The design is balanced and complete. These seven descriptions of the I AM constitute the seven pillars of Christ’s wisdom. John’s seven sign-miracles can be made to suggest a correspondence between the names and the actions of the Lord Jesus. Both the names and the signs are meant to give us much more than an interesting pattern. John wrote them to give us a heart-warming revelation of our glorious Lord.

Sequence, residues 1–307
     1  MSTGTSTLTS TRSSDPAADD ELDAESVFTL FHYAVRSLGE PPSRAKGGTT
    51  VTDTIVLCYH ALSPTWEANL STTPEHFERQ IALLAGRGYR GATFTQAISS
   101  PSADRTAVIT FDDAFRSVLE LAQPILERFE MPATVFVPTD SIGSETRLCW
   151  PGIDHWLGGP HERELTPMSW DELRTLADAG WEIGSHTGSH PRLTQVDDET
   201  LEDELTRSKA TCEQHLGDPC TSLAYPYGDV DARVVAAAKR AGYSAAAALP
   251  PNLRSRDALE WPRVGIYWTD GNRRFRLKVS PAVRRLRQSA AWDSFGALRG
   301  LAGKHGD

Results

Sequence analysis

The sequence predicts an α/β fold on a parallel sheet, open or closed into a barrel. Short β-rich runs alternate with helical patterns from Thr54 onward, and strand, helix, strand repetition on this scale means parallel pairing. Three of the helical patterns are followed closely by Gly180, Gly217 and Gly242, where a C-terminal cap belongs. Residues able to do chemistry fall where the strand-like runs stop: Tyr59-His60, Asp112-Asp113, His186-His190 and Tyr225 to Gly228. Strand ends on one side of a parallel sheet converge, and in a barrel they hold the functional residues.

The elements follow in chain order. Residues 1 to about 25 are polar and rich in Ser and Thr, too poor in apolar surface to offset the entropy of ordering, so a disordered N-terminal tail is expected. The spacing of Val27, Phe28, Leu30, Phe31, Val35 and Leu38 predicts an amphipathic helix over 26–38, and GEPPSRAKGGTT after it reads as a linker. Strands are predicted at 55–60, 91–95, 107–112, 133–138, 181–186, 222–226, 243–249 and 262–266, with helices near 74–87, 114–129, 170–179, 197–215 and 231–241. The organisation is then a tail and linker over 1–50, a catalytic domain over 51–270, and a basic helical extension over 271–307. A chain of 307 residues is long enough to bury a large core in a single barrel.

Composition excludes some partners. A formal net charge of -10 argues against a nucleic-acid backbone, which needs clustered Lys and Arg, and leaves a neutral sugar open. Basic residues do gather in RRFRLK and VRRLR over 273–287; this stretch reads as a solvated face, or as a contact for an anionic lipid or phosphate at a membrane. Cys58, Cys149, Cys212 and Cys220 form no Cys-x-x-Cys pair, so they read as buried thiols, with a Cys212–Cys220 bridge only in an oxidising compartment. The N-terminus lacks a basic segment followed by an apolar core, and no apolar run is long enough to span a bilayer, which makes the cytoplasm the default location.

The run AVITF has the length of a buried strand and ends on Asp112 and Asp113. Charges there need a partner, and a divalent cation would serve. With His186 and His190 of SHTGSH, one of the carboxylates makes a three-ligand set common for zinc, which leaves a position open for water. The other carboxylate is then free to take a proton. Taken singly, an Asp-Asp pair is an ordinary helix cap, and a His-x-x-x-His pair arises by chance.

When God revealed Himself to Moses, He indicated the absolute perfection of His being in the name “I AM that I AM”. In a sense this is quite logical as a title, for any valid conception of the Deity must regard God as the One who is [81/82] eternal and all-sufficient, One who is completely independent and needs neither advice nor assistance from anybody. This self-description of God as the I AM is constantly repeated in the Old Testament; it is more than a title, it is His personal name, a name that none can copy and none can share. God has it all.